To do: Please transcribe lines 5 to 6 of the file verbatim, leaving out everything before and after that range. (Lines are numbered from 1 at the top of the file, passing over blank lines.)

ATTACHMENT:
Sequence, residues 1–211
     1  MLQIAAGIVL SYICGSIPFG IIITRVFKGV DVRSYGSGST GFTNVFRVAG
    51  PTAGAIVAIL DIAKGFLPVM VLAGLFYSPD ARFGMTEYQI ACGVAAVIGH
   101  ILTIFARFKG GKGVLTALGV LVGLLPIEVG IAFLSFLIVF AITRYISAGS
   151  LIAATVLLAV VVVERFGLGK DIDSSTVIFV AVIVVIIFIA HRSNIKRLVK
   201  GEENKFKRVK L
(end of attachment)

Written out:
   151  LIAATVLLAV VVVERFGLGK DIDSSTVIFV AVIVVIIFIA HRSNIKRLVK
   201  GEENKFKRVK L